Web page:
When drafting patent applications, it is crucial to well define parameters that are relevant for characterising the invention. Using parameters habitually used by the inventors but not necessarily understood without ambiguity by the skilled person may kill a patent, as can be seen from the present decision, which deals with an appeal against the decision of the Opposition Division (OD) to reject the oppositions.
The main claim under consideration was directed at a method of production of goods based on meat wherein olive oil was substituted to animal fat. The method included a step where the food mixture was encased “with simultaneous application of vacuum 1000 mbar”. It is this particular feature that triggered a discussion on whether the invention was sufficiently disclosed.
 Pursuant to A 83 the “European patent application shall disclose the invention in a manner sufficiently clear and complete for it to be carried out by a person skilled in the art”. According to the jurisprudence of the boards of appeal the standard of disclosure for this requirement is that it must be possible to reproduce the invention on the basis of the original application documents without any inventive effort and undue burden, whereby the skilled person may use his common general knowledge to supplement the information contained in the application, textbooks and general technical literature forming part of the common general knowledge (see e.g. decisions T 629/05, T 206/83, T 772/89).
 The subject-matter of Claim 1 as granted discloses the invention as consisting in a process for the production of goods based on meat, which process is characterised by four essential process steps (a) to (d). Process step (c) provides that the mixture produced in steps (a) and (b) “goes to filling machines where it is encased with simultaneous application of vacuum 1000 mbar …”. The equivalent wording can be found in original Claim 1.
No further information on the value of the vacuum to be applied in step (c) is found in the application as filed or in the patent specification.
Hence, in the present case it has to be examined first whether a skilled person having read the application as filed would be able, on the basis of his general knowledge and without undue burden, to reliably define “vacuum 1000 mBAR” or “vacuum 1000 mbar”, as it was granted, because keeping to that parameter during the vacuum encasing step (c) is a prerequisite for carrying out the solution to the technical problem for which protection is sought in Claim 1.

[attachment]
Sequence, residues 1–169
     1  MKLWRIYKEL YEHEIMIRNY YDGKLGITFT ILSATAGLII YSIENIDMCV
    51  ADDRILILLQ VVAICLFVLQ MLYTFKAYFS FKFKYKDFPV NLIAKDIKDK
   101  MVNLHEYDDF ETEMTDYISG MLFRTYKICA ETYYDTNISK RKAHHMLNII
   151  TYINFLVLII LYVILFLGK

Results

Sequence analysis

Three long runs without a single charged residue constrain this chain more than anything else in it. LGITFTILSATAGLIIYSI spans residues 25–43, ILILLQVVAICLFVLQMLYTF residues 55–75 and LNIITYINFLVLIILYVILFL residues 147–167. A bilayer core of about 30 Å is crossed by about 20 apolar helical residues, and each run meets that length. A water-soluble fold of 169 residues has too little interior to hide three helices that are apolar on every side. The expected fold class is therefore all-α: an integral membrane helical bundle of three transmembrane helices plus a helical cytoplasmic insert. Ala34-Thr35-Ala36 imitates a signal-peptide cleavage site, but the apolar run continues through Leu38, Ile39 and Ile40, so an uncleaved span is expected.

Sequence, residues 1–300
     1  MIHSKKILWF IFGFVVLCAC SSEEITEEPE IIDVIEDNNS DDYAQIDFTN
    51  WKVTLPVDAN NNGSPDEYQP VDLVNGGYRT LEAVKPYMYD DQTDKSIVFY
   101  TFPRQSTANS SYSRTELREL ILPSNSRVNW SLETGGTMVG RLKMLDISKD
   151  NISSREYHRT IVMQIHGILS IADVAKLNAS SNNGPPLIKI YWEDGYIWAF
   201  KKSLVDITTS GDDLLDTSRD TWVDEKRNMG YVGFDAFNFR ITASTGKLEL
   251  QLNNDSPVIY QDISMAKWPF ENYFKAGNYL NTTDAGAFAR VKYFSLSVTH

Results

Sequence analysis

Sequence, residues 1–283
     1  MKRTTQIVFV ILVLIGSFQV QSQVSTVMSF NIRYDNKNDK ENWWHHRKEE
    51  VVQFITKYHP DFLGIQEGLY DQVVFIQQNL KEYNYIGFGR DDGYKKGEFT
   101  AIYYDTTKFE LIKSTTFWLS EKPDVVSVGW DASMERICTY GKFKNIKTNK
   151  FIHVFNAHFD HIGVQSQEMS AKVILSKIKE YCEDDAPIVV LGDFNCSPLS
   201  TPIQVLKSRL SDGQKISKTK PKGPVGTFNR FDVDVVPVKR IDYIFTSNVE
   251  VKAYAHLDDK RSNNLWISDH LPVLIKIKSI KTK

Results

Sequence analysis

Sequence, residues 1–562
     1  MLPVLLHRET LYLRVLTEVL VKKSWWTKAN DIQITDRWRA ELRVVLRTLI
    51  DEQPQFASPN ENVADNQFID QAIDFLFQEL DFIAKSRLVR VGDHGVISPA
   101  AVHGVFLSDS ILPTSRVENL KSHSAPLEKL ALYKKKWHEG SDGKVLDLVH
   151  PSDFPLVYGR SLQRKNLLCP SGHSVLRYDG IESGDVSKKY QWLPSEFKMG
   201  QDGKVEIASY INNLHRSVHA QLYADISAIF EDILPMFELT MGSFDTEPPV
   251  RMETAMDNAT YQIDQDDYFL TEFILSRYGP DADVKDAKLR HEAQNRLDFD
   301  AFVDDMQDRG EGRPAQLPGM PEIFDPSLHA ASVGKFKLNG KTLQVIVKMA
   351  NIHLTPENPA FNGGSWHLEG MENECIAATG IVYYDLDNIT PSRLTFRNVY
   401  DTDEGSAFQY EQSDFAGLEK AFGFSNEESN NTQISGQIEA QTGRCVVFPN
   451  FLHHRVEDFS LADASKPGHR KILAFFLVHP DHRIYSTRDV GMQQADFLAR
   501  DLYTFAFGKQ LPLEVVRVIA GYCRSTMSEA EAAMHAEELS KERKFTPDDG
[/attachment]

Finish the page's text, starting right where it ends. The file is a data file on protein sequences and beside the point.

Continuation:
“Vacuum 1000 mbar”
[5.1] For technical purposes, a vacuum is commonly defined as being present where inside a container/apparatus the (absolute) gas pressure is lower than the gas pressure outside the container/surrounding the apparatus (see e.g. D57 […]).
[5.2] A commonly used unit for indicating the gas pressure is “bar” or “millibar” (“mbar”), the latter unit being used in the patent in suit.
[5.3] A gas pressure is normally measured as an absolute pressure relative to the absolute vacuum (pressure of zero). In contrast, where the pressure is measured relative to the given surrounding pressure (“barometric pressure”) - i.e. so-called “gauge pressure” - one speaks either of an overpressure or, if the pressure is lower than the surrounding pressure, of a reduced/lower pressure or vacuum. The latter is made clear by putting “(rel)” or “-“ before the value of the vacuum, e.g. “-50 kPA” […].
 It is against this background that in order to be able to carry out the claimed process the person skilled in the art must and therefore would try to establish the meaning of “vacuum 1000 mbar” in Claim 1, because the patent (and the underlying application as originally filed) is silent on the meaning of that value (as well as of “vacuum 960 mbar” mentioned in the description of step (b) of the claimed process).
[6.1] Giving “vacuum 1000 mbar” its literal meaning, i.e. that of an absolute pressure, immediately leads to difficulties, even contradictions, which would prevent the skilled person from such an understanding:
An absolute pressure of 1000 mbar would be so close to that prevailing at sea level (around 1013 mbar) that it would not constitute an reduced/lower pressure (and thus a vacuum) in the larger part of the inhabited regions of the world, with the consequence that either it would be a feature of the claimed process that it had to be carried out at or close to sea level, or the performing of the invention would be geographically restricted. There is no technical reason indicated in the application or otherwise evident to the skilled person which in the given technical context could support such an understanding. Even the proprietor did not adopt such an interpretation.
[6.2] As regards the second possible understanding of “vacuum 1000mbar”, namely as a gauge pressure, here of -1000 mbar, that is a “significant” reduction of the pressure (not to, but by 1000 mbar), as Appellant I argued and the respondent’s technical expert Dr. Genigeorgis stated before the OD (point II, above), the same difficulties arise. Again, such a gauge pressure (= a reduced/lower pressure […]), by its very definition, can only be present at places with an atmospheric/barometric pressure higher than 1000 mbar (absolute), i.e. close to sea level, and there is nothing pointing to such an understanding by the person skilled in the art.
That being so, it is immaterial whether or not [opponent I] was actually able to carry out the vacuum encasing step at a pressure of -1 bar […]. Equally, it is irrelevant whether the encasing step is indeed not feasible at an absolute pressure of 13.25 mbar since the vacuum would break down because of the low boiling temperature of the water in the mixture […], or for other technical and/or cost reasons. Therefore, these issues need not be pursued further.